Fendi: Menswear SS22
If you’ve got it, flaunt it and Fendi has one of the most distinctive buildings in Rome. The white marble arches of Palazzo della Civiltá stand sentinel over the city and its distinctive architecture provided the perfect backdrop for a Fendi men’s collection that took a bold approach to proportion and silhouette – and gave the abs a starring role.
“It is almost like a bird’s eye view of Rome from here. The colours and the perspective are always changing – the soft palette of the Roman sky across the day is so beautiful and I wanted it to be a focal point of this collection,” said Silvia Venturini Fendi, who takes constant inspiration from the light and the views. Her models used the Rationalist arches and roof deck as a catwalk for their distinctive looks, in a film directed by the artist Nico Vascellari and soundtracked by the ambient electronica of Alessandro Cortini.
The talking point was the midriff with perfectly-tailored jackets, dramatically cropped to frame toned abs, above roomy shorts – well, if midriff-baring is good enough for Bella Hadid, why not for her male equivalents? Other jackets unbuttoned over the hips, spliced with nylon organza panels or came with special pockets for pens and earpods. Meanwhile, Fendi put a row of utility pockets along the hem of her shorts, creating a surprising kind of frill. “I really wanted to give a sense of freedom to this man. I think it’s the time to break boundaries,” she said of her approach.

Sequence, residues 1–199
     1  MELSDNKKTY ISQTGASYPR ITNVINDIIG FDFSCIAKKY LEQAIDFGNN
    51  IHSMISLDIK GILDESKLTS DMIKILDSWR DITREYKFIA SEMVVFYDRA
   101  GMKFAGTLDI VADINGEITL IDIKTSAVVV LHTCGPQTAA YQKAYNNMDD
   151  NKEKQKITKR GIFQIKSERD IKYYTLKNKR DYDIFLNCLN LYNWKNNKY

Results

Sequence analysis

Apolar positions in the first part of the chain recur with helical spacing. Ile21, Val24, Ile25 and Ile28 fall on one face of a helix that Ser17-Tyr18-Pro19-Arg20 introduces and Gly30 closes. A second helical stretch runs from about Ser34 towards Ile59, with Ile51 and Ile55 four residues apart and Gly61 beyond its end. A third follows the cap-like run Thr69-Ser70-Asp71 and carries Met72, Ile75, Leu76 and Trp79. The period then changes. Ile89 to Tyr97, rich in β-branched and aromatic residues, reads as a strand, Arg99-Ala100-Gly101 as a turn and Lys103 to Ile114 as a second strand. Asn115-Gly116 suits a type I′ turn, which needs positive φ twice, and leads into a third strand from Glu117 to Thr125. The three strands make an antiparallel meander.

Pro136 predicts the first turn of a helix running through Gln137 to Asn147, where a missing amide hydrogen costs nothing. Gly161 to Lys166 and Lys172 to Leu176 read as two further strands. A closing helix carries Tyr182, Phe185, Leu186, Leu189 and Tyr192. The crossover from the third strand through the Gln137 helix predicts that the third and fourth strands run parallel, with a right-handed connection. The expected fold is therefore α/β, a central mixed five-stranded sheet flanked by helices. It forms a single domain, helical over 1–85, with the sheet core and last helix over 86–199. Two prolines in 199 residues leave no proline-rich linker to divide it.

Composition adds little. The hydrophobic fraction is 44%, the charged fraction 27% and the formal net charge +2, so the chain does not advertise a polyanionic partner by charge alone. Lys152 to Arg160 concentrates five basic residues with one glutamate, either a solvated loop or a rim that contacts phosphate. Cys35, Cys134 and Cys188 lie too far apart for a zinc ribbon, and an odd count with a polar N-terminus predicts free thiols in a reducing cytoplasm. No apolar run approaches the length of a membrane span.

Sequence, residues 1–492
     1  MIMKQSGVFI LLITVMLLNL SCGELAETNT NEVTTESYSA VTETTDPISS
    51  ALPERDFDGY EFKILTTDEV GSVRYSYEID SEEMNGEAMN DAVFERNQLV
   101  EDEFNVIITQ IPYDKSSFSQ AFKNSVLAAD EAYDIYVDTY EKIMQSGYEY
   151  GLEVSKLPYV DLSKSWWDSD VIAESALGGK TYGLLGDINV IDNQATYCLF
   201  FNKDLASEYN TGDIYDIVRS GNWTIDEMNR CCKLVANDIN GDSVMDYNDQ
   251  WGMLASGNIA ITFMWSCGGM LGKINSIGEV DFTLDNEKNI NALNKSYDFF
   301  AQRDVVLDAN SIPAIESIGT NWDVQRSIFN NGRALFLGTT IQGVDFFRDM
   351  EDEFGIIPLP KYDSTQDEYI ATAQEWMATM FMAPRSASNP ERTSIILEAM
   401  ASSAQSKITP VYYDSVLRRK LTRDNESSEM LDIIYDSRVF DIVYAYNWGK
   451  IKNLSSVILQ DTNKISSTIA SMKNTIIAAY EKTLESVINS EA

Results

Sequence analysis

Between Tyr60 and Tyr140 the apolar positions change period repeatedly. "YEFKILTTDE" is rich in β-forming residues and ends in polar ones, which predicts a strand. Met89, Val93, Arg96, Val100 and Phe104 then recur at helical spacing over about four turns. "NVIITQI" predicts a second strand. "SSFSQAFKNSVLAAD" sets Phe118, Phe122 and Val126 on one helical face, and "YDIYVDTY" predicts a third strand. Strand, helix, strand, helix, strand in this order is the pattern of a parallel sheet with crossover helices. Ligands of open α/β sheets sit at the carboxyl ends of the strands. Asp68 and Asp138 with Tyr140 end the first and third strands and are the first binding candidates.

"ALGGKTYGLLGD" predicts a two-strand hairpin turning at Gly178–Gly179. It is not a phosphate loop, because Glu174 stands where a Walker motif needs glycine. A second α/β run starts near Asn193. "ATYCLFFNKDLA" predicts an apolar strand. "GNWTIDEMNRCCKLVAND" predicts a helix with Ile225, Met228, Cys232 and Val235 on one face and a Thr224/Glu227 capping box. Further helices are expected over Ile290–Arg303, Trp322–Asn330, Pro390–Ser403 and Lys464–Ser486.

The bags too, broke free of convention. All the Fendi classics were there but many came in playful and surprising new forms. The Baguette was reimagined as a practical messenger bag or a dainty Perspex clutch, whilst the Peekaboo was fashioned in matte nylon and finished with Selleria macro stitching. The collection was rooted in Rome, with prints featuring a map of the eternal city or undulating cartography lines of its seven hills. The famous Fendi ‘F’ was drawn freehand – a gesture that summed up the mood of the collection. Alongside the bold silhouettes, there was looseness, freedom and a sense of movement.
Photography courtesy of Fendi.